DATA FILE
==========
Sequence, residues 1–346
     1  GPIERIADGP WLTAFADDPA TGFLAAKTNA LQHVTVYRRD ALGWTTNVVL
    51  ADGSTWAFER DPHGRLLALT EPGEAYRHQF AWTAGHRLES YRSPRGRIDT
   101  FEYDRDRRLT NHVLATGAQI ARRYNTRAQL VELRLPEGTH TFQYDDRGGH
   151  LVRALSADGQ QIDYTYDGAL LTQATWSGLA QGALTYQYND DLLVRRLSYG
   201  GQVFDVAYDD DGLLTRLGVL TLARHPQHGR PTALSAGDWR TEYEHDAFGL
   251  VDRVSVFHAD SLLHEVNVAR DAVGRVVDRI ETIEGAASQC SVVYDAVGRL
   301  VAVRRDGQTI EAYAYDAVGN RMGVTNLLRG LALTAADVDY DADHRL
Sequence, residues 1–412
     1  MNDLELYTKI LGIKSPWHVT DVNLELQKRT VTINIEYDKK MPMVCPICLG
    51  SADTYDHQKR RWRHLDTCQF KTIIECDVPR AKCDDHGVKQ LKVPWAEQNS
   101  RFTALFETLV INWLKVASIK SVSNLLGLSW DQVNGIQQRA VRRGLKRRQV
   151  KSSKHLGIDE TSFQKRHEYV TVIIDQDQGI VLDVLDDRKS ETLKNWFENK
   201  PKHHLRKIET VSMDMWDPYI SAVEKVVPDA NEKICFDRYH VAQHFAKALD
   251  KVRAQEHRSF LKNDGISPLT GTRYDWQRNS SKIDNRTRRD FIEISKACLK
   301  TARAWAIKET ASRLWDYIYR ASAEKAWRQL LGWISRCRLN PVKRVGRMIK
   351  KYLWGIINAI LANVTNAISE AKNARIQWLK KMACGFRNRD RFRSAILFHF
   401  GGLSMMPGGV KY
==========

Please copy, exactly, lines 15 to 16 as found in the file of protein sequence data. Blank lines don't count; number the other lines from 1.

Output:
   251  KVRAQEHRSF LKNDGISPLT GTRYDWQRNS SKIDNRTRRD FIEISKACLK
   301  TARAWAIKET ASRLWDYIYR ASAEKAWRQL LGWISRCRLN PVKRVGRMIK